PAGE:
The Vet Set is always here to help you and your pooch whether it’s a nutrition question or training insight — we’ve got your back! For more information about the services our Carroll Gardens vet clinic provides, reach out to us today!

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Selling Your Home When You Have Dogs

Keep your house in order for prospective homebuyers!

  Most people are dog people, or at least don’t mind pets, but having a dog while you’re trying to sell your home can be tricky — it’s either a welcomed distraction or it leaves prospective homebuyers running for the door!    How do you sell your home when you’re a dog-friendly household? If you’re in our neck of the woods — Carroll Gardens — we’ll give you the best tips and tricks in today’s post!

Selling Your Home When You Have Dogs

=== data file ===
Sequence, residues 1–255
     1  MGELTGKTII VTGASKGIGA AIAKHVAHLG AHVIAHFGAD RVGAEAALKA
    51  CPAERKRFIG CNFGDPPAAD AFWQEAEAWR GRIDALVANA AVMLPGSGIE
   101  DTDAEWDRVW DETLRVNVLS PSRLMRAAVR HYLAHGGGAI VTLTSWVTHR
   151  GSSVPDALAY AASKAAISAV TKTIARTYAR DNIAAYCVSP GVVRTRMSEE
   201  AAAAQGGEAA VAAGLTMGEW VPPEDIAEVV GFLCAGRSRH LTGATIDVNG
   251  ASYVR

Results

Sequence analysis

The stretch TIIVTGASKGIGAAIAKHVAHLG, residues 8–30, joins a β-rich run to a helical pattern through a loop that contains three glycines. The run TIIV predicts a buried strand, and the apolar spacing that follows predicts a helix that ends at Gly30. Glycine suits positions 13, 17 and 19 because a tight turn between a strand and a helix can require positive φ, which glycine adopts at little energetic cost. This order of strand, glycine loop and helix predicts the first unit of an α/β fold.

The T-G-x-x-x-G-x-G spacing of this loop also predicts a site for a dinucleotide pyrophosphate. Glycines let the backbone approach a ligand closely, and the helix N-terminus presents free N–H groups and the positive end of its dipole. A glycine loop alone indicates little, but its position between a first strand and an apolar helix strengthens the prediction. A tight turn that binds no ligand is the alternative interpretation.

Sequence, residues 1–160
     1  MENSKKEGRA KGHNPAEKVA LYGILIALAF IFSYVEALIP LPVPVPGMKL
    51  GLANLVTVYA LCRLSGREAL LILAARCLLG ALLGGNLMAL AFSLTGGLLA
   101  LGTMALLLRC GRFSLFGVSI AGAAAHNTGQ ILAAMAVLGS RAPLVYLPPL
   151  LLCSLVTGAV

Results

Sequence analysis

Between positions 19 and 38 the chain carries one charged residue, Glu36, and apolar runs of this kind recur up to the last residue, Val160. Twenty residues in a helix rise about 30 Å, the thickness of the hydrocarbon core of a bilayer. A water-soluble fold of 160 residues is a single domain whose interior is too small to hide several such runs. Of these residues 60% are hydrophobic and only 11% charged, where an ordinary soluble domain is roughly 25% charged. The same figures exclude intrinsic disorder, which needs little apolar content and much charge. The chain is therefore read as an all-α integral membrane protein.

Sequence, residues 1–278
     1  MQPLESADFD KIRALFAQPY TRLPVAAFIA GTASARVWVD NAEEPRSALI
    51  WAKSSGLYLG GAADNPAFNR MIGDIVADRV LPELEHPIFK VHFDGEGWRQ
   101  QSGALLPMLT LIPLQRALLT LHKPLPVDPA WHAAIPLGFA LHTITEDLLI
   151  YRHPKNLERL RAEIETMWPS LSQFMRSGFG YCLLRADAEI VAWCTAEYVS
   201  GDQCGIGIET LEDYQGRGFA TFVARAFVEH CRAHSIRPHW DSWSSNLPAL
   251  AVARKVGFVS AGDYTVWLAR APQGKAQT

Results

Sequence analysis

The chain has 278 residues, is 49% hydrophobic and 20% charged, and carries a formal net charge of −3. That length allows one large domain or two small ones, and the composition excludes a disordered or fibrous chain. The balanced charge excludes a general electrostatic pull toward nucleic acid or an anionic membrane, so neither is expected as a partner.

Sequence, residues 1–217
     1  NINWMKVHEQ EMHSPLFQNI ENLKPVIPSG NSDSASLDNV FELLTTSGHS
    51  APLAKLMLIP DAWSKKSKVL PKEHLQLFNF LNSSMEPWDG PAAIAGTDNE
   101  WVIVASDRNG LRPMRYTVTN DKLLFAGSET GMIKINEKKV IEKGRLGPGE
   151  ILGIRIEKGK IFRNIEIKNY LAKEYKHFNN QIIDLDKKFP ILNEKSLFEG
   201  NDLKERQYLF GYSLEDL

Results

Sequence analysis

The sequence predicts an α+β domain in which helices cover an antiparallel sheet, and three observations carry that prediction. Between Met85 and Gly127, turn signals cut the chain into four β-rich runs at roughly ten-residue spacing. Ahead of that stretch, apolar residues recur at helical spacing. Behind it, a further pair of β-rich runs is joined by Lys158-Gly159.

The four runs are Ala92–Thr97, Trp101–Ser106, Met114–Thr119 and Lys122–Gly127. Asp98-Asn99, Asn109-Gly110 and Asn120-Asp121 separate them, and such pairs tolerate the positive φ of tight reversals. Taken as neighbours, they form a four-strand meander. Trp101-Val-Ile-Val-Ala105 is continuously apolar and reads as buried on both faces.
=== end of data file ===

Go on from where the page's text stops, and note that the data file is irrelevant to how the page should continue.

Carroll Gardens is abundant in beautiful brownstones, yet because of they’re design, you have to get creative as to how to stage your home when you have pups running around. After all, you don’t want to get a reputation of being that crazy home with dogs! Below, we’ll navigate how to prepare your home for prospective homebuyers — the joy of selling your home when you have a dog!   Yard Care   Typically, Carroll Gardens’ brownstones don’t have expansive yards. If you’re lucky enough to have space in front or behind, ensure that you tidy it up. It will likely be a highlight of your home and you don’t want prospective homebuyers to step in poop or roll an ankle where your dog digs.    Not only do you want to perform a poop patrol before each showing, but you may want to consider some light landscaping to fill in holes and make the exterior look more aesthetically pleasing.      Understand Your Insurance   While your dog may love people, they may not love random strangers coming in for a showing at odd hours during the day. And although your dog would never mean to bite or hurt anyone, it is their territory and they may see this guest as more of an intruder.    Ensure that your insurance has you protected in case anything does happen.   Eliminate Dog Odors   We all know the stale smell of dogs, and while we may not be able to smell it anymore, buyers will! It’s imperative to have your rugs and carpet professionally cleaned beforehand, and do a deep clean of your home before any showings begin.    Tuck Away Evidence   As a dog owner, you likely have a million and one toys, treats, and odds and ends that belong to your dog. And while keeping out the necessities such as their food and water bowls is acceptable, you’ll want to find a good place to store and organize extra leashes, collars, clothing, and toys.    It may be hard to find a little extra space, but if you can, do so!  Keep Your Pets Away   If you have the ability to crate your dog during showings, this is highly recommended — just let the realtor know which room your dog is in so there are no surprises!    If you’re home for a showing, take your dog out back or take them out for a stroll.   You can sell your home even with a dog roaming about, it just may take a little more effort on your part!    Keep in mind, this is a transition for your dog as much as it is for you! For more advice on how to help your dog (and sell your home) connect with our Carroll Gardens vet clinic today!